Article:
With an overwhelming military advantage Russia can afford to keep its options open based on what Moscow wants to achieve, the price it is prepared to pay and finally how the West responds. In a recent canvassing of opinion from active-duty officers and analysts within the US military, the Washington based think tank Atlantic Council, came up with some revealing indicators to look out for that might help provide clues as to Russia’s next moves. Among these indicators were watching out for cyberattacks, military exercises, and evacuations of non-combatants and already some of these indicators have presented themselves as this crisis grows.

In mid-January for example, a cyberattack crippling government departments with a message calling on Ukrainians to “be afraid and expect the worst” – purporting to be from Poland, one of Ukraine’s strongest supporters – was revealed by Ukraine’s information ministry to have probably been created by Russia.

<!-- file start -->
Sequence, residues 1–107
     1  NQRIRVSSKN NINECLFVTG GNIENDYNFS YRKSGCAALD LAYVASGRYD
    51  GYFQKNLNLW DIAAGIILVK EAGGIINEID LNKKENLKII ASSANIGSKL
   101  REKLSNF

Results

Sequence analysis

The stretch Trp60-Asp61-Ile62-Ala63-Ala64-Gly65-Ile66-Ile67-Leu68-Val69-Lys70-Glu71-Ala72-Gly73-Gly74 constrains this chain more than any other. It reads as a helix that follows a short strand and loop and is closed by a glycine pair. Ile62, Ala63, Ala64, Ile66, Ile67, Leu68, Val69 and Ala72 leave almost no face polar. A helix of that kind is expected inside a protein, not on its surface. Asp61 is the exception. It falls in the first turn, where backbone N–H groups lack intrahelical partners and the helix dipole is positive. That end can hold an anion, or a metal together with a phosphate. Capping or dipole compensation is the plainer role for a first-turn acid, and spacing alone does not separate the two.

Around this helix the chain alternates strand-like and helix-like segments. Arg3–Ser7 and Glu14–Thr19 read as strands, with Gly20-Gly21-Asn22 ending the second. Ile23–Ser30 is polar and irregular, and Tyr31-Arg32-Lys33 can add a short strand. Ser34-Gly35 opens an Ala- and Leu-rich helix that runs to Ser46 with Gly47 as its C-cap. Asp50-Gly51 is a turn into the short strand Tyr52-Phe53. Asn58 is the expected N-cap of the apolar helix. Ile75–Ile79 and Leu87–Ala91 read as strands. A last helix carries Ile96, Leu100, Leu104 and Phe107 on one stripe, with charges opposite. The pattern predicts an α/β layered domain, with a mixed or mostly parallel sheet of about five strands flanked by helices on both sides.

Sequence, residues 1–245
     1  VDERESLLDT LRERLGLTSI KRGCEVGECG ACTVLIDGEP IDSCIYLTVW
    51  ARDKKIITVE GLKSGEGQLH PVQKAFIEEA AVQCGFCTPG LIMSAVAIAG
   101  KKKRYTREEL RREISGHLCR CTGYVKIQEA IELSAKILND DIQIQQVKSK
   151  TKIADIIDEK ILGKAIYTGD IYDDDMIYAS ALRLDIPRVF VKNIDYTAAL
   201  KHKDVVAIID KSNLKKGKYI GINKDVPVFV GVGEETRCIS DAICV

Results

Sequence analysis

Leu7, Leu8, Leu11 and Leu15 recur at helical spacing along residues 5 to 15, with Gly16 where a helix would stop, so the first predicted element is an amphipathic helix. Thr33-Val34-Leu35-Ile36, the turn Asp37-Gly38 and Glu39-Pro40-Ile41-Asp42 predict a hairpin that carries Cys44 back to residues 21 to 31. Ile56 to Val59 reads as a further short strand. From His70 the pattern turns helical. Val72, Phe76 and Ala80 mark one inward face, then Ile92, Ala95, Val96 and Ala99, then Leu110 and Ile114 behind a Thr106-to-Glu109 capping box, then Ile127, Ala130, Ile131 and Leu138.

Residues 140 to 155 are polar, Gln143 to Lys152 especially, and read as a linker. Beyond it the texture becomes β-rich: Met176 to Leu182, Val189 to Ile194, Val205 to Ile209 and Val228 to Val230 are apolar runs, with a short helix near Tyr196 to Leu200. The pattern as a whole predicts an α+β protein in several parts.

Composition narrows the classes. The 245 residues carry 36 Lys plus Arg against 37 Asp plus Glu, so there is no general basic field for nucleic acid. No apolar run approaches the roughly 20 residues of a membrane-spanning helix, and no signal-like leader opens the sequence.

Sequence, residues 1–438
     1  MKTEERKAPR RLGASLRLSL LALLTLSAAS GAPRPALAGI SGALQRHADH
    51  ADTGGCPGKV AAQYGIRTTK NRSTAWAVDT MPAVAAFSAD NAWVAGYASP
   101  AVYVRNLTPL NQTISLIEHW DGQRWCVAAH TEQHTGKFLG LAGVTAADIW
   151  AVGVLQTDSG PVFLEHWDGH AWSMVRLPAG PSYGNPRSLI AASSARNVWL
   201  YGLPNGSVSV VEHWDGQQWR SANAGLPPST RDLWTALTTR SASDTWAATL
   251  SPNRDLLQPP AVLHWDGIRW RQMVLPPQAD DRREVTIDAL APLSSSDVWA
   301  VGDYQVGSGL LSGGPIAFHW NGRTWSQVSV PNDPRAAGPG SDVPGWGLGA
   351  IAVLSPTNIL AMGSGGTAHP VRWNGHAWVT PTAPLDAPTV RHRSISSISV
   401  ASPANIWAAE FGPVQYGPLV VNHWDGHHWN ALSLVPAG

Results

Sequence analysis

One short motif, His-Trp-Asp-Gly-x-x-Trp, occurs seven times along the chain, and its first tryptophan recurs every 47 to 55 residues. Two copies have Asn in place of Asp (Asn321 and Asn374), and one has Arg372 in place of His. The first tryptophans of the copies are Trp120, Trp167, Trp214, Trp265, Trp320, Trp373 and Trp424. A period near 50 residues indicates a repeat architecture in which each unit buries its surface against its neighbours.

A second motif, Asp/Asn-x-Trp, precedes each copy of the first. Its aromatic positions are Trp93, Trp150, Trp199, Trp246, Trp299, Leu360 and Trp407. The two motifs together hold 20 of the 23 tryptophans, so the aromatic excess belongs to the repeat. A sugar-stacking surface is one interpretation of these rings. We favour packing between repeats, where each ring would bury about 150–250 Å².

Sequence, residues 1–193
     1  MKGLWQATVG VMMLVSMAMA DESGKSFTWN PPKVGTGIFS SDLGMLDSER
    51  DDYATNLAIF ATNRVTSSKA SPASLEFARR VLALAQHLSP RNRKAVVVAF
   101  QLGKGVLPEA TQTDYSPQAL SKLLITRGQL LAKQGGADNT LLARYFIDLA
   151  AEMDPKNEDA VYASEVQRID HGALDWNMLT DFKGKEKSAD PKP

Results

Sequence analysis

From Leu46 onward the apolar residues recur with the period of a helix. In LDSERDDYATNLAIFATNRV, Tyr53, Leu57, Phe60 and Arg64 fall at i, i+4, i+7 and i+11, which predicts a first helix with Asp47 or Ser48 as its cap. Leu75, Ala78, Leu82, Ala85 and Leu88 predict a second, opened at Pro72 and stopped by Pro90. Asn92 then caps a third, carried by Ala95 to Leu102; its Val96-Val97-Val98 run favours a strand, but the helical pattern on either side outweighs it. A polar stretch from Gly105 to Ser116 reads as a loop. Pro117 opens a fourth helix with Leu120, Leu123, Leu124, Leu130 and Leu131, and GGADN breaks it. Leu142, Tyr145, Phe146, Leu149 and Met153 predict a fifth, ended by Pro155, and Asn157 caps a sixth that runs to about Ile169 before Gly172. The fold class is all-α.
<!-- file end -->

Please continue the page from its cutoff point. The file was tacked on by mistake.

In the coming weeks too, Russia will embark on military drills with its ally Belarus and has announced that its navy will stage a sweeping set of exercises from the Pacific to the Atlantic involving all its fleets.

In Belarus, which borders Ukraine the units involved in the forthcoming military drills include Russian S-400 and Pantsir air missile defence systems, which western officials say could be used to deter any Ukrainian allies from reconnaissance or support operations during an invasion.

As Reuters reported a few days ago, the deployment of Russian forces in Belarus creates a new potential front line for Ukrainian army planners to worry about.

Citing Konrad Muzyka, director of the Poland-based Rochan consultancy, that specialises in analyses of Belarusian, Russian, and Ukrainian military capabilities, Reuters detailed how any reinforcement of that area will mean Ukraine spreading troops thinner elsewhere and diverting forces from positions facing southwest Russia and the Russian-backed region in eastern Ukraine.